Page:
There's 1 small thing and 1 large thing that, for me, saved it from being a 1 star. First the small thing, the mention of herbs and spices - I think this may be an item that many people forget about, but can make a poor situation go from "surviving" to "doing good". Secondly, the section on entertainment and education - I think this is an oft-overlooked aspect that will actually be very important, and again will affect whether one just survives or thrives.
Jim: do you have a book about surviving in the woods? I understand your recommendation to avoid gong it alone, but simply cannot stomach the idea of crapping in a bucket in a boarded up house, surrounded by humans in survival mode who are just waiting for the opportunity to kill me and my daughter and take everything we have.... The diseases that people have, ugh just all of it. We are woods people! Always will be. Far far away from others, far far away from help too... Sigh.
The best example I can gave as how the book isn't about long term survival is the chapter on Food.
Cobb states that: " But the thought of trying to stockpile enough food to even feed just one person for a year or more, let alone an entire family, is just not feasible nor practical for most folks.
Even if you could afford the expense, where would you keep it all?"
So, I guess the Mormons don't have a clue what they are doing when it comes to food storage? How about that Survivalists, which I have been from the 80s, considered a years supply as the minimum for food storage?
You could buy a years supply from many on-line vendors ( you would really need two years for a realistic one year) and take up about a closets worth of space. Surely that is feasible ? And how is having a years worth of food NOT practical? For long term survival?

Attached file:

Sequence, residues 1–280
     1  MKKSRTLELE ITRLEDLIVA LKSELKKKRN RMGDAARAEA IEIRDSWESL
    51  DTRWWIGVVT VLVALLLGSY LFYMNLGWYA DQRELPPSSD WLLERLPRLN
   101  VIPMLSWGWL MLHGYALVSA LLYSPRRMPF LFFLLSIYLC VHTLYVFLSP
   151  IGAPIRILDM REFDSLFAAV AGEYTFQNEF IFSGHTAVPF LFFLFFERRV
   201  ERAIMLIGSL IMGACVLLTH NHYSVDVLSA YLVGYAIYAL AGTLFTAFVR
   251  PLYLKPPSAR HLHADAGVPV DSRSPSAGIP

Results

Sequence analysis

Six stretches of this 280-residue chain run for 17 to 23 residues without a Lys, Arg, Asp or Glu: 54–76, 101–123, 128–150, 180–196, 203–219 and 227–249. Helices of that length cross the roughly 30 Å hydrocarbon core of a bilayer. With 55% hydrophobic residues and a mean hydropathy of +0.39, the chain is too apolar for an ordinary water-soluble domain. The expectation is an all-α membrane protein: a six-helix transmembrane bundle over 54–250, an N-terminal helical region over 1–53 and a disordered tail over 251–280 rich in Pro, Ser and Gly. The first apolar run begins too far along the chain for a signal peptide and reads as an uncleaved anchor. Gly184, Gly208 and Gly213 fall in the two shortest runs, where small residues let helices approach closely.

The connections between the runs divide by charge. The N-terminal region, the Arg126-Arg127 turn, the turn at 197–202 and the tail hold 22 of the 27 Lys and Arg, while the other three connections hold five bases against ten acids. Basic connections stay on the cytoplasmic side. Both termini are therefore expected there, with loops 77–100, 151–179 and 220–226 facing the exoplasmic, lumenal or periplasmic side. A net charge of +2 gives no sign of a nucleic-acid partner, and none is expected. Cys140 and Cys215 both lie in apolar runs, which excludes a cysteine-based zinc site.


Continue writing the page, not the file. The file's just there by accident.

Cost wise? Matters how you set up your food storage, it could cost as low as a new 48 flat screen or as much as a vacation. Guess it matters what you truly deem as important.
The author suggestion of three months of food only will get most people killed. I mean we are talking LONG TERM SURVIVAL, are we not? Not short term weather preppers. Most winter seasons are longer than three months, let alone the time needed to grow new crops.
Then he says that long grain rice will go rancid from the oils.
Not brown rice, just long grain rice. You know, the kind that all LTS dealers sell and will last 15-25yrs.
He also says to stay away from lard and shortening because vegetable oils have a longer shelf life.
I guess he doesn't know that vegetable oils are almost rancid when you buy them and that's why they can go bad in such a short time. Lard and Coconut oil are the ones that last the longest, then shortening, and then olive oil.
The raising and growing food part is all of seven paragraphs long.
Most of the rest of the book is the same, a paragraph or two on most subjects.
This book is not worth your time or money.
And I got a refund.
Get yourself the LDS Preparedness Manual & The NEW Passport To Survival - 12 Steps to Self-Sufficient Living for food storage.
Ragnar Benson's Survival Retreat for setting up a retreat.
The New Buckshot's Complete Survival Trapping Guide by Bruce Buckshot
For homesteading: The Encyclopedia of Country Living, The Backyard Homestead, and All New Square Foot Gardening.